Improving drug treatment for the elderly
Elderly patients often need drugs but are also susceptible to side effects. Kristina Johnell at the Aging Research Center researches the use of drugs among older people and how it can be optimised.
Kristina Johnell, Professor of Geriatric Pharmacoepidemiology at the Department of Neurobiology, Care Sciences and Society
As we age, we are more likely to suffer adverse reactions to medications. This is due both to the fact that increasing age correlates with more co-morbidities and medication use, and to age-related physiological changes, such as slower excretion of drugs from the body and a greater sensitivity of the brain to drug effects.
Kristina Johnell researches drug use in the elderly population, what consequences it has and how it can be improved.
“We usually take more drugs with advancing age and frailty,” says Professor Johnell. “About forty percent of people aged 65 years and older living at home take five or more drugs, a figure that rises to about 75 percent for those in sheltered housing. At the same time, we know that the multimorbid elderly on multiple medications are often excluded from clinical trials. All this makes it extremely important that proper studies are conducted of drug use among older people.”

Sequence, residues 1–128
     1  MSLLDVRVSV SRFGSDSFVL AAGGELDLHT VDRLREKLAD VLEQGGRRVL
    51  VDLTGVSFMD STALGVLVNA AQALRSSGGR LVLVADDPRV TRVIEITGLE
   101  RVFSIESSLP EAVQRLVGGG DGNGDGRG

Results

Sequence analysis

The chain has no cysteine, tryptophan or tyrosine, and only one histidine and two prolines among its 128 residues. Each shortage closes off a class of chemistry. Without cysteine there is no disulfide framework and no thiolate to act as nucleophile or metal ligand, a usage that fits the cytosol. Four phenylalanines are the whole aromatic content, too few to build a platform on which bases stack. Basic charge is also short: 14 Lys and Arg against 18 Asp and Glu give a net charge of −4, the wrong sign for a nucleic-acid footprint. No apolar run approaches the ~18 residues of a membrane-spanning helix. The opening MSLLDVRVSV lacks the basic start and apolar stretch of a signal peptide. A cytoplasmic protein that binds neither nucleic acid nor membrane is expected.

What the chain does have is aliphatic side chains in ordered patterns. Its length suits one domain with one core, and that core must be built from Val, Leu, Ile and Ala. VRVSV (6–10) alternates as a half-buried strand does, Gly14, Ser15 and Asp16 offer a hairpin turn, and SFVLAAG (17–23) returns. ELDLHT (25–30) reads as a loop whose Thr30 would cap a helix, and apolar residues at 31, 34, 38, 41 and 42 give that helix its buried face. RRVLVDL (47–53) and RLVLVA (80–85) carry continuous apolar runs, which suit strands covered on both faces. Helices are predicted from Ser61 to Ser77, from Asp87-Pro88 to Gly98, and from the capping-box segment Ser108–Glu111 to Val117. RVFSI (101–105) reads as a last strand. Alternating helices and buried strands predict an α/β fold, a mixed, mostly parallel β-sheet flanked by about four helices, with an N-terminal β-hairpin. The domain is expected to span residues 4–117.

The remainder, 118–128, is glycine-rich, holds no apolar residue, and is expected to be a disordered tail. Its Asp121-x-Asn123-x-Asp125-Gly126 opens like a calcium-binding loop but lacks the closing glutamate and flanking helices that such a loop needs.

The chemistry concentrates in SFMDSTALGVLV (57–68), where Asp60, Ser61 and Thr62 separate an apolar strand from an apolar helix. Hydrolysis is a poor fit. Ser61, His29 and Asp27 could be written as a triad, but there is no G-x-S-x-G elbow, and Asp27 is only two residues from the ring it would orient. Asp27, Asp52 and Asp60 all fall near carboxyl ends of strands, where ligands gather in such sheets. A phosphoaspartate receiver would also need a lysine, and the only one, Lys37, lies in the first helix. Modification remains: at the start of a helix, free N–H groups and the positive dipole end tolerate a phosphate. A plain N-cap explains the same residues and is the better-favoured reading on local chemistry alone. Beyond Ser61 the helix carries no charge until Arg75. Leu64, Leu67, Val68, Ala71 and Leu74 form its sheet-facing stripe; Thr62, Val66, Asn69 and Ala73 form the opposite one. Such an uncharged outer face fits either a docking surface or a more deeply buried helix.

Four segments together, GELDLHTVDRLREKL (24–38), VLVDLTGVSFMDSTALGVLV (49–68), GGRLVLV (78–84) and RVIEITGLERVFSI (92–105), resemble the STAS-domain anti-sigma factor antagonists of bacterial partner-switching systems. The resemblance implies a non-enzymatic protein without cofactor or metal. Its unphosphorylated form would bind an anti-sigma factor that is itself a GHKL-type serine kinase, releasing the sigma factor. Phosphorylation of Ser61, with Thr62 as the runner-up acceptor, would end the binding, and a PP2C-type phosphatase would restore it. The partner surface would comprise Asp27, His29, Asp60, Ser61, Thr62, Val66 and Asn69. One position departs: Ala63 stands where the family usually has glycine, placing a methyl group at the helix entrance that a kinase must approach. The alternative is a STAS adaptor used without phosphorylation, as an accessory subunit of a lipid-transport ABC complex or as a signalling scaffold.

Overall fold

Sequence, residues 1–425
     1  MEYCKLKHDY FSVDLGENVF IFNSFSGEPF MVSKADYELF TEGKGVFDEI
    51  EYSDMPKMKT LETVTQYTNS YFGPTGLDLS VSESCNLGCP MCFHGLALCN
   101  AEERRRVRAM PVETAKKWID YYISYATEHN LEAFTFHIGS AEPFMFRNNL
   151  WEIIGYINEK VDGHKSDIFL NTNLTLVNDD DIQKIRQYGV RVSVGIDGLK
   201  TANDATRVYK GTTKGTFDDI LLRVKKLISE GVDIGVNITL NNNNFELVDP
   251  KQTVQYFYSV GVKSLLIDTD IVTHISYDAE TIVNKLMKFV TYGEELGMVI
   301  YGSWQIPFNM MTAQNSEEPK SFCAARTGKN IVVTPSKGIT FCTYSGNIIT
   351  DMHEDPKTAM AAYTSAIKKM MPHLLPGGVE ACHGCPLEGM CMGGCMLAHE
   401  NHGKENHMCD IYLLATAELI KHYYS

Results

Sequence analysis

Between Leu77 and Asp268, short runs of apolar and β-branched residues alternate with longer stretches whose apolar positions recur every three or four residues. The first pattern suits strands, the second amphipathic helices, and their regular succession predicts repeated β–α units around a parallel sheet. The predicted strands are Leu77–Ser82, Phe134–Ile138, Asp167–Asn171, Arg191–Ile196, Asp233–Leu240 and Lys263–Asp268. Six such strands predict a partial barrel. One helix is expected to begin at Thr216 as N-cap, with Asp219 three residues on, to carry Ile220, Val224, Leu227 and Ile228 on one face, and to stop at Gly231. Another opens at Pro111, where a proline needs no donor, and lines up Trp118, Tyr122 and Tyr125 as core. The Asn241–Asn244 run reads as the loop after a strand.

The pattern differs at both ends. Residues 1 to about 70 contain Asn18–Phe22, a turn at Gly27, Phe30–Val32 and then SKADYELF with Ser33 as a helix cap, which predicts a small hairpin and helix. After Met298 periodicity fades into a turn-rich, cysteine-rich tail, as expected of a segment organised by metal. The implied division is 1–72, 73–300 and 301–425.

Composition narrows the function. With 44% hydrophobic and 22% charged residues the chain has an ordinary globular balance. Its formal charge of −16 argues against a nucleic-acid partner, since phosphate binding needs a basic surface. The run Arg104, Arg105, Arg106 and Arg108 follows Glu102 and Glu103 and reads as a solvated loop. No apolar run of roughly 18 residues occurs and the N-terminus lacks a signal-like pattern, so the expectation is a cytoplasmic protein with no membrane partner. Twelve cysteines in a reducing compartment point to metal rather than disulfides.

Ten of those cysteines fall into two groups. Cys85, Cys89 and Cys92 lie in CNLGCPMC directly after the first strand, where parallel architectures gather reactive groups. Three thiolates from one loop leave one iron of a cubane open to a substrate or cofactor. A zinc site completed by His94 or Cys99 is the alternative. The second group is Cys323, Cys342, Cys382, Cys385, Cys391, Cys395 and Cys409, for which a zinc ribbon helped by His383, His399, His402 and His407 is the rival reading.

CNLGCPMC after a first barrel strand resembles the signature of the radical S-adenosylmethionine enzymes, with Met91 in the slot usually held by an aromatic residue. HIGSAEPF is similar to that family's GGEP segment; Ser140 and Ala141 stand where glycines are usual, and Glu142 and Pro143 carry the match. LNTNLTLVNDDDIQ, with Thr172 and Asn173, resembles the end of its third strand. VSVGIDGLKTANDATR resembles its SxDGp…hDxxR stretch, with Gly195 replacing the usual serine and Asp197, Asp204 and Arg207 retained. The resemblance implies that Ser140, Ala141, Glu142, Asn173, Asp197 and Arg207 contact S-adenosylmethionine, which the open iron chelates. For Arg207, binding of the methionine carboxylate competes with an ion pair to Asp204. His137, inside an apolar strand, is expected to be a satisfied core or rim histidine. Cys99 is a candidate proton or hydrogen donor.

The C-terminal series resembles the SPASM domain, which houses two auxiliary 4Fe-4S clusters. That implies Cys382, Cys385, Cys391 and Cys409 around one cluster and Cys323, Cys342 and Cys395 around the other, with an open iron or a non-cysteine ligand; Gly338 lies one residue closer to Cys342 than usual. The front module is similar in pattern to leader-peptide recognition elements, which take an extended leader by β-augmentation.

Professor Johnell mainly bases her research on large registries, and often on the National Board of Health and Welfare’s “Indicators of appropriate drug therapy in the elderly”, which identifies the drugs that are considered problematic for elderly patients.
“The indicators provide solid ground to work from, but these types of indicators are often necessarily based on expert consensus, given the general lack of evidence from clinical trials. What we aim to do with our research is to fill this knowledge gap. For instance, we’ve been able to demonstrate a link between inappropriate drug treatment and a higher degree of hospitalisation in the elderly,” she says.
Text: Anders Nilsson, first published in "From Cell to Society" 2016.